The National Science Board (NSB) is worried about recent trends in science and engineering. “Surveying the past decade, we see several troubling trends that, taken together, could have an impact on capacity to innovate in both the near and long term,” said Ray M. Bowen, who chairs the board’s Committee on Science and Engineering Indicators.
The NSB was established as part of the National Science Foundation Act of 1950. According to the Act, the NSB works with the Director of the National Science Foundation to “recommend and encourage the pursuit of national policies for the promotion of research and education in science and engineering.”
One major concern is recent decline in private investments in research and development. Between 2008 and 2009, American businesses cut funding for science by five percent. Some of the reductions were offset temporarily by increased spending by the federal government. Government support, however, focuses more on fundamental research than industry’s support of development.
“Private-sector R&D [research and development] investment is sensitive to economic trends,” said Arthur K. Reilly, a former senior director for Strategic Technology Policy at Cisco Systems. “During recessions, it’s not surprising that businesses would spend less. But the volatility also reflected shifts of private equity, venture capital, and angel funding from early stage investment to the less risky late-stage investment,” said Reilly, who led the development of the report.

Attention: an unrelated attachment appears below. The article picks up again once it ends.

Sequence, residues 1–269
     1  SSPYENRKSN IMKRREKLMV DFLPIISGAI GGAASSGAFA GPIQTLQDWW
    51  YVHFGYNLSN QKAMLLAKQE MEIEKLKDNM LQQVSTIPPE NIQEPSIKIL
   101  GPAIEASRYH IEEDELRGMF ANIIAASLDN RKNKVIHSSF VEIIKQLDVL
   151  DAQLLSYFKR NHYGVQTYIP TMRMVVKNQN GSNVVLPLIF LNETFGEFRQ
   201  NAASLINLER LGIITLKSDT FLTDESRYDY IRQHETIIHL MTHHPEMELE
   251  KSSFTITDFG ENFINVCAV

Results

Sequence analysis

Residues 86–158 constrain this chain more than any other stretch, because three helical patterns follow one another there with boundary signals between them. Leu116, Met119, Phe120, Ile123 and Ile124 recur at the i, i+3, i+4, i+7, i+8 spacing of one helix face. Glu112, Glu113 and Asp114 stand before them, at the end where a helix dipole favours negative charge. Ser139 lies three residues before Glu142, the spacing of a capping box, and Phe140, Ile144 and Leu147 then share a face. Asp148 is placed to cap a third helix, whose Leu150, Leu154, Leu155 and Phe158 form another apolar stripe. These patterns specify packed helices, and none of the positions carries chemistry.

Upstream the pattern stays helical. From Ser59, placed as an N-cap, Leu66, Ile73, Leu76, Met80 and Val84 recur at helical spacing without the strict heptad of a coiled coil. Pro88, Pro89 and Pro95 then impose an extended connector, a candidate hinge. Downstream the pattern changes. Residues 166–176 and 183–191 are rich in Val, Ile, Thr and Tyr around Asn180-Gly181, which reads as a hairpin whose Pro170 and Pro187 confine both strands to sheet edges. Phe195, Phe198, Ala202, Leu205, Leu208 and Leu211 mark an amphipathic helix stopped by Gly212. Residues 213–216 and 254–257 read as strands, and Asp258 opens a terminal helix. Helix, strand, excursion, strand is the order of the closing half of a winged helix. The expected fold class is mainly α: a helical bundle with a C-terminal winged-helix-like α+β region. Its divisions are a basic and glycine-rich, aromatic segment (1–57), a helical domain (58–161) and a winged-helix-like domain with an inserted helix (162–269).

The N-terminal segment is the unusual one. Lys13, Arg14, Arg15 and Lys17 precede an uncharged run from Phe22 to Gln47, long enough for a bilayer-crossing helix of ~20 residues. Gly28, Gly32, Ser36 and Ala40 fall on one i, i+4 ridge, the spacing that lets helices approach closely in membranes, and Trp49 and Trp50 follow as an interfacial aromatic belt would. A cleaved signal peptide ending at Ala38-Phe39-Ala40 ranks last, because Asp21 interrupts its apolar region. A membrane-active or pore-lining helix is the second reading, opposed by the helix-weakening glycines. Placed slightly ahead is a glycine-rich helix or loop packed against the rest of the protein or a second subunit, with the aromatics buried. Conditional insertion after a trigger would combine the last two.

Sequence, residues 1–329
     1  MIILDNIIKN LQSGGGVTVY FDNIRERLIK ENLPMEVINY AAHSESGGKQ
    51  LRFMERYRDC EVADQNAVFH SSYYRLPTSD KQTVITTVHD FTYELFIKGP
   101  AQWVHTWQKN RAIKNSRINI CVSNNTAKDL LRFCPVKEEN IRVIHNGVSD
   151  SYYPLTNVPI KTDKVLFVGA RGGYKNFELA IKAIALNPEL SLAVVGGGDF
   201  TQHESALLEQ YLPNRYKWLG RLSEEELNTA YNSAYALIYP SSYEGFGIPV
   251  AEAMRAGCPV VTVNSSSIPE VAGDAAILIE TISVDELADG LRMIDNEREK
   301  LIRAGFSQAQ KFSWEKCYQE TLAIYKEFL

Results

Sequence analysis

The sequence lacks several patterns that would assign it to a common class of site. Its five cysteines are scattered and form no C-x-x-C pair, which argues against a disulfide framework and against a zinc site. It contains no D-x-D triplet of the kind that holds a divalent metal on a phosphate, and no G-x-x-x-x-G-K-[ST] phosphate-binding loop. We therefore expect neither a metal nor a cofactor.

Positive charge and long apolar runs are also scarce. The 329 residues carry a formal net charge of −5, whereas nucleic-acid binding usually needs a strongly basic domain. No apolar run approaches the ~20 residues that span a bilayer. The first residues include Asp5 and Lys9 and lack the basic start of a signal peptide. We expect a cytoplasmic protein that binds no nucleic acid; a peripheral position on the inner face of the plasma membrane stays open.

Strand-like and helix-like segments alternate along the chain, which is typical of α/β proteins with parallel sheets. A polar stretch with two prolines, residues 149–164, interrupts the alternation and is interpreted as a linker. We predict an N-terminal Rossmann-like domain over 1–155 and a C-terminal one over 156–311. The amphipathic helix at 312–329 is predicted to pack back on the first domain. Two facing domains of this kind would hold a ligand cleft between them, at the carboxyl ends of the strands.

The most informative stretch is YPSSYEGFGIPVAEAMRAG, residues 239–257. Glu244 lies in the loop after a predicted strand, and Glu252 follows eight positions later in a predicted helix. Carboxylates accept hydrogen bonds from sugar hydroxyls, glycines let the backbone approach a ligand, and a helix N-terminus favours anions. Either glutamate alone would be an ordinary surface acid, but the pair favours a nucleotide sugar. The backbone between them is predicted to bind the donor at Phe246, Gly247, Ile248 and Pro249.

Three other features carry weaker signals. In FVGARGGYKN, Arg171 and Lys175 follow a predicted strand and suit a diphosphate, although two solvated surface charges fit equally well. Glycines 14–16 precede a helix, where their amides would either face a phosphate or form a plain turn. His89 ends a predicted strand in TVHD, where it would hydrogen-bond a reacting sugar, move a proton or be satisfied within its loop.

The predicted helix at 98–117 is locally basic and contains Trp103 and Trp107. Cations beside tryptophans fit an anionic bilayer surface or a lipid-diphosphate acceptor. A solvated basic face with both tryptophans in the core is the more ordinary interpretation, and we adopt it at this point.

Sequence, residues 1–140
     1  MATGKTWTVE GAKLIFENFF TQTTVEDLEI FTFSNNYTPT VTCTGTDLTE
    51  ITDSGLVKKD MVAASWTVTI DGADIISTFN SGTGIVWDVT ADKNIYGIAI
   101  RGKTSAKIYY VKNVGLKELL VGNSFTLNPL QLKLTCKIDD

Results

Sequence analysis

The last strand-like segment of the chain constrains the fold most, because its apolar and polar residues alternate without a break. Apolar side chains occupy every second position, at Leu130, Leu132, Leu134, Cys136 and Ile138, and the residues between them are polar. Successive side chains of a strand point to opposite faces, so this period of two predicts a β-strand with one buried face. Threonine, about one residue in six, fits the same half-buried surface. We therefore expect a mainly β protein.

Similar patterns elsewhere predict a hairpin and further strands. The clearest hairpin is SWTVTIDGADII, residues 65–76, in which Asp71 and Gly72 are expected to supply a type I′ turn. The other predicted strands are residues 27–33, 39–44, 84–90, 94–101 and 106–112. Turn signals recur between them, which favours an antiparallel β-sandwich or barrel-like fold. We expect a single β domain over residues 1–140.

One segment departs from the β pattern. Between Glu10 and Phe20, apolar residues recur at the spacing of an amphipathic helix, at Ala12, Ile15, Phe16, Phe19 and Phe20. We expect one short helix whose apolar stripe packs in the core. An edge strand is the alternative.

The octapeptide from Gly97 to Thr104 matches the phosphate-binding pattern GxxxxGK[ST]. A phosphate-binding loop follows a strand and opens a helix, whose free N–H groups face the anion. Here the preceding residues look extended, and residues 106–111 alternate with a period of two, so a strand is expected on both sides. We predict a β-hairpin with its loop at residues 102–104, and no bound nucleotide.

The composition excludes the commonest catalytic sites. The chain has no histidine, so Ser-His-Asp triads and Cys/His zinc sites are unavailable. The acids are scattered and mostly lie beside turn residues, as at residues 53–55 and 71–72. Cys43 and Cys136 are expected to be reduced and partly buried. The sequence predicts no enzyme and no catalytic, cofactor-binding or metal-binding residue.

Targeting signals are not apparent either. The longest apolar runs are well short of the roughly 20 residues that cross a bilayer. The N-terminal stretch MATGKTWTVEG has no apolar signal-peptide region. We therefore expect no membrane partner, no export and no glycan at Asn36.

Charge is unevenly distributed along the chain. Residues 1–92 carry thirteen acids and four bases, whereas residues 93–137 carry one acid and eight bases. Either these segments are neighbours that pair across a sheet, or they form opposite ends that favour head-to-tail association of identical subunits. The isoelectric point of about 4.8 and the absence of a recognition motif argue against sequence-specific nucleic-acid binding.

The NSB also expressed concern about recent trends in funding for education. State funding for major public research universities declined by 20 percent per student between 2002 and 2010.
Despite some troubling trends, the NSB did find reasons for optimism. For instance, the annual rate of growth of the science and engineering workforce was considerably higher than for other fields over the past decade. Additionally, unemployment is lower and salaries tend to be higher for workers in science and engineering occupations.
The NSB report is available at http://nsf.gov/nsb/publications/2012/nsb1203.pdf.
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